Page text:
Horror Scribes

Friday’s Child winner

by Sherry Morris One day Mommy and Daddy brought home a baby. They said it was ours and was joining the family. I took a look. It was small and bald with a wrinkled face and yuck in its eye.... Continue Reading →


Thursday’s Child winner

by O J Gwyne Struggling along a wind-blasted moorland road, a ragged little girl clutches a faded blue shawl over fair wispy hair, its frayed ends clutched tightly beneath the chin of her small defeated face. She is alone. “Sweet... Continue Reading →

Wednesday’s Child and overall winner

by Barbara Hughes-Moore She did not move for days as the spider spun a gossamer prison around her. She did not speak. She did not blink. She barely breathed. Many thought her mind was sick; they spoke of depression, disassociation;... Continue Reading →

Tuesday’s Child winner

by Sue Dawes She boarded the train at dusk, using darkness as her cloak. The carriage, with its sawdust-spattered floor and thick smell of cattle, was warmer than the streets. She was already in labour, and under her black gown,... Continue Reading →

Monday’s Child winner

by Silvia Di Bonaventura When she was born, birds stopped still in the sky. When she was born, the sunshine kissed her hair on fire. The birds sang her name. Monday. Monday meant grace, the only kid born in town... Continue Reading →

The Pirate

by Rob Marenghi So here we are - in a damp cell that he ordered to be built. I hear waves pounding, wood creaking, drunken shouts. I look at the filthy bowl in the corner, the stains on the walls... Continue Reading →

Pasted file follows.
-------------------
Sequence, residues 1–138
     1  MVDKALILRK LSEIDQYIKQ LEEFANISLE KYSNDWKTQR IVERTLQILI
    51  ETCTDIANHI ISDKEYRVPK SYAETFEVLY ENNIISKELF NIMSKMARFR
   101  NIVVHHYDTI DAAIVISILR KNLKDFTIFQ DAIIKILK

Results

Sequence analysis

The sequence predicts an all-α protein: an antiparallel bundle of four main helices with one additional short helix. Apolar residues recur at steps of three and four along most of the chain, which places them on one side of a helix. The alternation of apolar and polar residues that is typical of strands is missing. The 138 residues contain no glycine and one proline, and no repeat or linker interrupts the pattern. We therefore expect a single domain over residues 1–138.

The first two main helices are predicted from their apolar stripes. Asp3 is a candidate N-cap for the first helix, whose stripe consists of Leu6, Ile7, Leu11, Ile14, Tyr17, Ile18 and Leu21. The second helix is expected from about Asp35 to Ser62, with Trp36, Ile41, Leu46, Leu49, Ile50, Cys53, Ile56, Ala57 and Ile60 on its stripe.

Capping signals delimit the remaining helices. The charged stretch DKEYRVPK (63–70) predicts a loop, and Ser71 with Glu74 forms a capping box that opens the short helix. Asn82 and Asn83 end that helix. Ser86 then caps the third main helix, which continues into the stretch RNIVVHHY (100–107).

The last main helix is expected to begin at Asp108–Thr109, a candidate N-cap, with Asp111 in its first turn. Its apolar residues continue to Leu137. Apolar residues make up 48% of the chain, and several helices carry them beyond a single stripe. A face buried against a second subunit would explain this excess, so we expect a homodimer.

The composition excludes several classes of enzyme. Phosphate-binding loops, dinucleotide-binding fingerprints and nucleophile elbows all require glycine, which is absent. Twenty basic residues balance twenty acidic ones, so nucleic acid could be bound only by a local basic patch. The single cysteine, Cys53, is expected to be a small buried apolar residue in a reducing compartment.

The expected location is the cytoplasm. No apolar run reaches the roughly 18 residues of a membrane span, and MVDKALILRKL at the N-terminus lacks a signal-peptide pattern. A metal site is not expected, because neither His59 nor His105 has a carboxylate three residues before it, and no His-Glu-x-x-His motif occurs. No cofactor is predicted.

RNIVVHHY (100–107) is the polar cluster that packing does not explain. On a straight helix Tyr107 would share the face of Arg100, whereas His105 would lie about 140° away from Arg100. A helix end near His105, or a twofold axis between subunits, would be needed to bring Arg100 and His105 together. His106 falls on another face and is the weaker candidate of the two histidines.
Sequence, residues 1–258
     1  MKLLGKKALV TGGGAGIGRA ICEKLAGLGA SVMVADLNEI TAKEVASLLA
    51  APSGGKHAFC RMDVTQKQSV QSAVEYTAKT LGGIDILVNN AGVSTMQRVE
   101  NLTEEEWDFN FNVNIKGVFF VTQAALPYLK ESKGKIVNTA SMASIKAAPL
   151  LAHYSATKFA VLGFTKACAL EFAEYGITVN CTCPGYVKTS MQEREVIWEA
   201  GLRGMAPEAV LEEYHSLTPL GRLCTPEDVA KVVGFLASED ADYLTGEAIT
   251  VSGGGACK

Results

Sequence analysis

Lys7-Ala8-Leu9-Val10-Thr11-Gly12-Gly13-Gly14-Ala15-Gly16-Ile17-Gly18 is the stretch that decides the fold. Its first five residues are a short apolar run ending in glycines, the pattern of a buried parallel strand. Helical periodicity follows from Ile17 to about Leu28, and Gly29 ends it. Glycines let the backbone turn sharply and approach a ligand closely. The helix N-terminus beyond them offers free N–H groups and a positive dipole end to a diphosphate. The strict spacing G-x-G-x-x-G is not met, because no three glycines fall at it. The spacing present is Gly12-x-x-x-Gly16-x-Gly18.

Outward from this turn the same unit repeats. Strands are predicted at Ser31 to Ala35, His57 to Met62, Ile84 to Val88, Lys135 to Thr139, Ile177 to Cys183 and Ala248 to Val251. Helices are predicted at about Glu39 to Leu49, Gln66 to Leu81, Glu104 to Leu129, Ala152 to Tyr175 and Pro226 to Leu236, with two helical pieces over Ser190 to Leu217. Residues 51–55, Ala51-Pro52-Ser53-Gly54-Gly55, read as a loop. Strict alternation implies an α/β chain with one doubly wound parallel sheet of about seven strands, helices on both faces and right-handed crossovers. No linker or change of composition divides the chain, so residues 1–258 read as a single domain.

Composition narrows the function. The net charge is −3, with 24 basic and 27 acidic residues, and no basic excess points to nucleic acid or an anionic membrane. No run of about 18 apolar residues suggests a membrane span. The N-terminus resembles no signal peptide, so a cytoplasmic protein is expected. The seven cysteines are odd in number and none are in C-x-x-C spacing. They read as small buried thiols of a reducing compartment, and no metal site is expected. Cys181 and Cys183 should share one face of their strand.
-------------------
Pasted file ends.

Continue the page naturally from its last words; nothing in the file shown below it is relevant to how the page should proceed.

Too Many Cooks

By Carolyn Ward The kitchen was fragrant and hot, but the windows wouldn’t open. Cleo swiped the knife on the carrots, decapitating her sick uncle a hundred times over, a grin tucked secretly inside her mouth. He had paid heavily... Continue Reading →

The Wall

by Carolyn Ward ‘Fallen woman, your God has forsaken you,’ hissed the Bishop. She bit her lip beneath the hood, and the manacles rattled as her thin wrists shook. She pictured Matthew. In another life, another time; maybe they could... Continue Reading →


by Dawn Lowe I time-travelled to Dublin with my hair tucked under a wig, makeup removed, breasts wrapped flat. Dressed in breeches and a frilly shirt—18th Century menswear—I walked to the old maternity hospital and walked inside. “I’m a physician,”... Continue Reading →

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